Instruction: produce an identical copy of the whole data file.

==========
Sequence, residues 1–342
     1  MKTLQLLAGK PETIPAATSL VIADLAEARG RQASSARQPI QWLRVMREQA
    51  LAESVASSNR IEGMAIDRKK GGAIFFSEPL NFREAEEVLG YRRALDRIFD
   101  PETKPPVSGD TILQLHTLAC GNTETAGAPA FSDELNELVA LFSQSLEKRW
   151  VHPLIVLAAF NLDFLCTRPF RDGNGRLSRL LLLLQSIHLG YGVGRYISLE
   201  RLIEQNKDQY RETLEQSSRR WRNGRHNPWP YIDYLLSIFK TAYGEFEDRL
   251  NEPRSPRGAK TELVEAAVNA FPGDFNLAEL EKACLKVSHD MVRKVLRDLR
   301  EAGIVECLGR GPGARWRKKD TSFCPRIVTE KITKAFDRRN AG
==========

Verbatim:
Sequence, residues 1–342
     1  MKTLQLLAGK PETIPAATSL VIADLAEARG RQASSARQPI QWLRVMREQA
    51  LAESVASSNR IEGMAIDRKK GGAIFFSEPL NFREAEEVLG YRRALDRIFD
   101  PETKPPVSGD TILQLHTLAC GNTETAGAPA FSDELNELVA LFSQSLEKRW
   151  VHPLIVLAAF NLDFLCTRPF RDGNGRLSRL LLLLQSIHLG YGVGRYISLE
   201  RLIEQNKDQY RETLEQSSRR WRNGRHNPWP YIDYLLSIFK TAYGEFEDRL
   251  NEPRSPRGAK TELVEAAVNA FPGDFNLAEL EKACLKVSHD MVRKVLRDLR
   301  EAGIVECLGR GPGARWRKKD TSFCPRIVTE KITKAFDRRN AG